Lutton: Yes. We have seen a number of 529 plans introduce investment tracks that are aimed at kids based on their age or their enrollment date, that have less exposure to equities, the whole way through. So starting when your child is an infant all the way to the enrollment date, and in most 529 investment options that are age-based are out of equities at the enrollment date, and many of them are out, even when a child enters high school. So, there has definitely been a trend towards more conservative asset allocation or less equity allocation in the 529 plan universe as a whole. And we've even seen plans introduce more cash-type options, more than a dozen plans have FDIC insured 529 plan options within the plan. So, if you really are concerned about protecting that nest egg, you can go that route as well.

Benz: So, let's talk a little bit, though, about the risks of being too risk adverse. If you are a college saver and you have a young child. It seems to me that you are really not in a great place, if you're earning just 1% or 2% on your cash investments, and you're trying to save these huge sums that you need to say for college.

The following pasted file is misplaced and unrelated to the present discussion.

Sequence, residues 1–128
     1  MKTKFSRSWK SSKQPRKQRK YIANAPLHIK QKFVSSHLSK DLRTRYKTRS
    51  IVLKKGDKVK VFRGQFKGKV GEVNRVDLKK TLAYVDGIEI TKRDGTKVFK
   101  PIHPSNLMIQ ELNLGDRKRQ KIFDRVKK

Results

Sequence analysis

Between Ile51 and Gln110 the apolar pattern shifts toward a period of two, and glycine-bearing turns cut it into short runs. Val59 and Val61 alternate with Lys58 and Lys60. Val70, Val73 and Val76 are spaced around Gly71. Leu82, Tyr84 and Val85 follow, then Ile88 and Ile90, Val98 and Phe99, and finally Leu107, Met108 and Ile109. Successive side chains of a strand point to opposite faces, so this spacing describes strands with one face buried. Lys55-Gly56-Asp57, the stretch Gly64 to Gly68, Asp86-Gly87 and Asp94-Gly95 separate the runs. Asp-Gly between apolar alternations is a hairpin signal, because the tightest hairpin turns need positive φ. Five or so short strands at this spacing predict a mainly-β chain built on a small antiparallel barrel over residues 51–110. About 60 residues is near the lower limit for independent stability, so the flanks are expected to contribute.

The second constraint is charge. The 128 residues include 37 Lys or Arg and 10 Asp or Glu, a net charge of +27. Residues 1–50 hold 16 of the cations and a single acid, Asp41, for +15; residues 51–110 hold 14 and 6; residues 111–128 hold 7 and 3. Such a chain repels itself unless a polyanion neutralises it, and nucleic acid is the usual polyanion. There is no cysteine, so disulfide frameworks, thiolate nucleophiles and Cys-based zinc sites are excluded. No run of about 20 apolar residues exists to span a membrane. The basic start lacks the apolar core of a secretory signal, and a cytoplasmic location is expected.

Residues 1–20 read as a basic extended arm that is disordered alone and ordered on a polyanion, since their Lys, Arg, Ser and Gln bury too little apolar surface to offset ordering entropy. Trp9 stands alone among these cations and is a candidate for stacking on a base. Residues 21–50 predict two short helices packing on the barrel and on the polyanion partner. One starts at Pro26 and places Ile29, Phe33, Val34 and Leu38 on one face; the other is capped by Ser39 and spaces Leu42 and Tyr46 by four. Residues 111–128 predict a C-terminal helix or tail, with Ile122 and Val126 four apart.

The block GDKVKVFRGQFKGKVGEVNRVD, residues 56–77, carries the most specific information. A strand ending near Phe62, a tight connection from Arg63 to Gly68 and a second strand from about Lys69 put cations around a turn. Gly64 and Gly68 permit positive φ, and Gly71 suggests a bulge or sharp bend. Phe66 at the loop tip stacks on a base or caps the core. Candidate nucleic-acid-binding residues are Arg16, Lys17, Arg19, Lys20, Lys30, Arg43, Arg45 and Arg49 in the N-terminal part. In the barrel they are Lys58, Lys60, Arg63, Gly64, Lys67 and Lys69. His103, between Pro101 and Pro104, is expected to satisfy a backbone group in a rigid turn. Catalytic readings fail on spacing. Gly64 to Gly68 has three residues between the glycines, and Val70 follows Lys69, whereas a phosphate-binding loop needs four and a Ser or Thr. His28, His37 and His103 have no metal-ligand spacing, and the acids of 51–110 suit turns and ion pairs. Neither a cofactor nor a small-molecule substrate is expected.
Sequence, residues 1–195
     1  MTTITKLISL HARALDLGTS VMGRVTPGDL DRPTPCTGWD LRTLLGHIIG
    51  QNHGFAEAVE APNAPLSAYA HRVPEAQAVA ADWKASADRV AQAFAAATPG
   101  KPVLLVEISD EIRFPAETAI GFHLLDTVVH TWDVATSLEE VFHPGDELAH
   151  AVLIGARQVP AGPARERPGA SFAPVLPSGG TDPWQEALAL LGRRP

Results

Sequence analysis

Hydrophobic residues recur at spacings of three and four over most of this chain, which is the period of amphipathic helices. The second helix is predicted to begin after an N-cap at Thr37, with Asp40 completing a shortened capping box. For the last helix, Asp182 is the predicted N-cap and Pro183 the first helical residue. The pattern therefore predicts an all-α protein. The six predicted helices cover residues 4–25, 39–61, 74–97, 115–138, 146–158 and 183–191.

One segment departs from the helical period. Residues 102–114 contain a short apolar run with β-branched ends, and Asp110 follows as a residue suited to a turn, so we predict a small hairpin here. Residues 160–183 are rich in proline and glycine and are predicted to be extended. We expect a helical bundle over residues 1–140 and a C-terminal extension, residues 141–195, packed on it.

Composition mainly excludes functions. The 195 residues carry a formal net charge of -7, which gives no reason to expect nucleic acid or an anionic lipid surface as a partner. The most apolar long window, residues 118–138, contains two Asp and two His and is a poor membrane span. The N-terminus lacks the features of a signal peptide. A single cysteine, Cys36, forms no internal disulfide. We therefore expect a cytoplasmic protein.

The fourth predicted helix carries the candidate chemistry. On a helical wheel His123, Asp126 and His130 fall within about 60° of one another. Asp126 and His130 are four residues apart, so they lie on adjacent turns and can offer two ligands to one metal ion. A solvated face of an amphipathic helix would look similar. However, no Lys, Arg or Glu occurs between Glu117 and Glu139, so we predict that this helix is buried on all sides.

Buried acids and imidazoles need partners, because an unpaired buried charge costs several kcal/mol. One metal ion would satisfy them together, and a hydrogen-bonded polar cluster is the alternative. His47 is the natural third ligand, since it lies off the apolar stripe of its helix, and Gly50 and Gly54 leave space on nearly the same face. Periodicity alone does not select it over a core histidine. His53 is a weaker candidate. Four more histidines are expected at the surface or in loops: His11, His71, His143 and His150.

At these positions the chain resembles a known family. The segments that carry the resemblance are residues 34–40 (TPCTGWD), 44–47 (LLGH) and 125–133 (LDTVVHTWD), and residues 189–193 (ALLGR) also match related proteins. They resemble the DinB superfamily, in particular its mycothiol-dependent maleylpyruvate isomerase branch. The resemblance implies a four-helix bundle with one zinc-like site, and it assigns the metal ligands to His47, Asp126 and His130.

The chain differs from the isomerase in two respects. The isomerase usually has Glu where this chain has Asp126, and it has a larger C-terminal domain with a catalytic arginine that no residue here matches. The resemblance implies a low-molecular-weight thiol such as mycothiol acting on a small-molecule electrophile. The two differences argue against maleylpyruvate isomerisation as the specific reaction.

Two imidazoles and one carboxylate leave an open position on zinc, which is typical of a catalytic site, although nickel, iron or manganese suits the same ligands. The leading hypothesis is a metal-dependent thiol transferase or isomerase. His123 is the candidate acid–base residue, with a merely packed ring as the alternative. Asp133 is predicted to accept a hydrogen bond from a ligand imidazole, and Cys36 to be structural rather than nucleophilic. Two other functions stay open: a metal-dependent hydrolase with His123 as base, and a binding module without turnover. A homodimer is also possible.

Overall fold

Lutton: Yes. College gets more expensive every year. Tuition has been going up at about 6% a year. So, if you're barely earning anything on that college investment, keeping up with those tuition increases is a challenge. But there's also the flipside that you've put this money away for your kids and you want to make sure it's there when they need it, and so I think a lot of investors have to wrestle with that. How much market risk am I comfortable taking on, and to what extent do I want to sure that those college savings that I've put away are protected from market action.